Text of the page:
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The College of Arts Sciences

CIAMS Faculty Publication - Materialising Roman Histories

By: Katie Jarriel, 
Tue, 08/08/2017

CIAMS Professor Astrid Van Oyen recently published her co-edited volume Materialising Roman Histories. Edited in collaboration with Martin Pitts (University of Exeter), Materialising Roman Histories is a collection of papers with contributions by Hella Eckardt, Rob Collins, Martin Pitts, Martin Millett, Alicia Jiménez, Jeroen Poblome/Senem Özden Gerçeker/Maarten Loopmans, Elizabeth Murphy, Robin Osborne, Astrid Van Oyen, Ellen Swift, Eva Mol, Miguel John Versluys, Andrew Gardner, and Greg Woolf. In the volume, the contributors explore new perspectives to understand the Roman 'object boom' and its impact on Roman history. A full description of the book is available from the publisher's website:

The Roman period witnessed massive changes in the human-material environment, from monumentalised cityscapes to standardised low-value artefacts like pottery. This book explores new perspectives to understand this Roman ‘object boom’ and its impact on Roman history. In particular, the book’s international contributors question the traditional dominance of ‘representation’ in Roman archaeology, whereby objects have come to stand for social phenomena such as status, facets of group identity, or notions like Romanisation and economic growth. Drawing upon the recent material turn in anthropology and related disciplines, the essays in this volume examine what it means to materialise Roman history, focusing on the question of what objects do in history, rather than what they represent. In challenging the dominance of representation, and exploring themes such as the impact of standardisation and the role of material agency, Materialising Roman History is essential reading for anyone studying material culture from the Roman world (and beyond).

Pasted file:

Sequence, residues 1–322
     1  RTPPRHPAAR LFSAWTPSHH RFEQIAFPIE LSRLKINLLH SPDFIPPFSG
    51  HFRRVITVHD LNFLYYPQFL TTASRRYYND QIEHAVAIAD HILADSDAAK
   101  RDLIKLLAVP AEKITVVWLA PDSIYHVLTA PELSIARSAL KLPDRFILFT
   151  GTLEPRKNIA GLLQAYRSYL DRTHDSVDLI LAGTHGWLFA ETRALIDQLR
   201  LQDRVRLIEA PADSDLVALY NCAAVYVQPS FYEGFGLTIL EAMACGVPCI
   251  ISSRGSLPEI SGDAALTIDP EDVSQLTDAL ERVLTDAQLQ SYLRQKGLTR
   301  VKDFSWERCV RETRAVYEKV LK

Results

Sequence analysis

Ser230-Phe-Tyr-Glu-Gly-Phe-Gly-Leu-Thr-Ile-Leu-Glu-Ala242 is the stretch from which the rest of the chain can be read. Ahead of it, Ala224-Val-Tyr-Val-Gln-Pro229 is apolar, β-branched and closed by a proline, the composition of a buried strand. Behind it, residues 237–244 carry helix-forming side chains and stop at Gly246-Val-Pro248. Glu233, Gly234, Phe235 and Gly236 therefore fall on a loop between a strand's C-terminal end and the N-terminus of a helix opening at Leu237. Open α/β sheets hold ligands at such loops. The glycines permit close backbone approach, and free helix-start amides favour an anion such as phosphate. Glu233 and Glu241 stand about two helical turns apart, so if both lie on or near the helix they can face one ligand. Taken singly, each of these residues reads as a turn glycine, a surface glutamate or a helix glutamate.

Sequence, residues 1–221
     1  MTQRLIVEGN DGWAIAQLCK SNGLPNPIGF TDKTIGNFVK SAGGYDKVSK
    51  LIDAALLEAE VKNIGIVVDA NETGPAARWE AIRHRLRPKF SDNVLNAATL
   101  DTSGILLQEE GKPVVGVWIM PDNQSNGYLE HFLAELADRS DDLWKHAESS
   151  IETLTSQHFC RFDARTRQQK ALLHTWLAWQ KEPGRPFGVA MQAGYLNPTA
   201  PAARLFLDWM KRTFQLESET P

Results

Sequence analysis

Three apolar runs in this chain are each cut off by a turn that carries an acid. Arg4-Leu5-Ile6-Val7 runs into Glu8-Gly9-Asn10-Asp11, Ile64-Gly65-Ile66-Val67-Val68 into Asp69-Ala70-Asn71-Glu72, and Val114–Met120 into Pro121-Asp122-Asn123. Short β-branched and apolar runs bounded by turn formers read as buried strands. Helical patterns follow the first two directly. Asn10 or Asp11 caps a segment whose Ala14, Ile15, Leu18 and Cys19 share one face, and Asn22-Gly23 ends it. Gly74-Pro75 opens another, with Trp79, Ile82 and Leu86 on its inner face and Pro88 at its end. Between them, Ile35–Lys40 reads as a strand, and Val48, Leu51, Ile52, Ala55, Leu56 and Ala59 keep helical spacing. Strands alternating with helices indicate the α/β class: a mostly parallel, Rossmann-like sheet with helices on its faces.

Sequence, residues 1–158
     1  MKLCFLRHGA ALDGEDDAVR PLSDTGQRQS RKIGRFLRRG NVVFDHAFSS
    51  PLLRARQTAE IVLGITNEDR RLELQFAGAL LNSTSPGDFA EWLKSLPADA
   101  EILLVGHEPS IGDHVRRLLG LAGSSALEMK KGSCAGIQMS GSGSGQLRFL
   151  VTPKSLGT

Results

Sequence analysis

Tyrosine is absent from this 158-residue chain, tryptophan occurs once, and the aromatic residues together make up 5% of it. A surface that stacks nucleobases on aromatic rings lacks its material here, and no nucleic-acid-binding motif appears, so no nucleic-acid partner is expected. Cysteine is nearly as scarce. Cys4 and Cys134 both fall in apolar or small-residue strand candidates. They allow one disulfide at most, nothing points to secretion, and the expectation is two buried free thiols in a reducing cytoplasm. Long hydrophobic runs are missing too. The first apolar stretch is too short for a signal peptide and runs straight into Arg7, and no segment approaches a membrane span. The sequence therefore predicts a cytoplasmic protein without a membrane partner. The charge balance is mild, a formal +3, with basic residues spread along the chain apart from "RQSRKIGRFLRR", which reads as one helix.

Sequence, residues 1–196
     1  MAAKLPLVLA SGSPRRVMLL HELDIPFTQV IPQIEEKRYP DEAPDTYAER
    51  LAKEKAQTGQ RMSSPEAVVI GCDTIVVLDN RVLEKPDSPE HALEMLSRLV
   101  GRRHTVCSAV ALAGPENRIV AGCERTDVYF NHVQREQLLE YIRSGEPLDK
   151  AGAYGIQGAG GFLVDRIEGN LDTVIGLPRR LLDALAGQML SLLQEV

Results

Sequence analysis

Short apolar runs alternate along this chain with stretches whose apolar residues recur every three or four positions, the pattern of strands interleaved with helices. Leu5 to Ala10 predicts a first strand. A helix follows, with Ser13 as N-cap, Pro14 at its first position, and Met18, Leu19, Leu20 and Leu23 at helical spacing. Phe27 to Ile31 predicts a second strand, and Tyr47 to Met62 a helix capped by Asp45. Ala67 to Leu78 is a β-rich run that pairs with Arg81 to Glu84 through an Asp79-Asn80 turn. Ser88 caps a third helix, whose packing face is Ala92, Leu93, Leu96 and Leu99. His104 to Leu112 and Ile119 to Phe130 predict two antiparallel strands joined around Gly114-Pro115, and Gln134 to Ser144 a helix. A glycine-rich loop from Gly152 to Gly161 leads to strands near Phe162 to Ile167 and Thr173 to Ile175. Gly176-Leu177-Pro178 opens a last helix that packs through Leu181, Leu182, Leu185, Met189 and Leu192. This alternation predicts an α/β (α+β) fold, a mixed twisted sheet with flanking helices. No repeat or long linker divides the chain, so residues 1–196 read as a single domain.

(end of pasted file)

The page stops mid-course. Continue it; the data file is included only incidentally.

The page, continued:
Materialising Roman Histories is now available for purchase. Many congratulations to Professors Van Oyen and Pitts!
Image of the cover of "Materialising Roman Histories" by Astrid Van Oyen and Martin Pitts.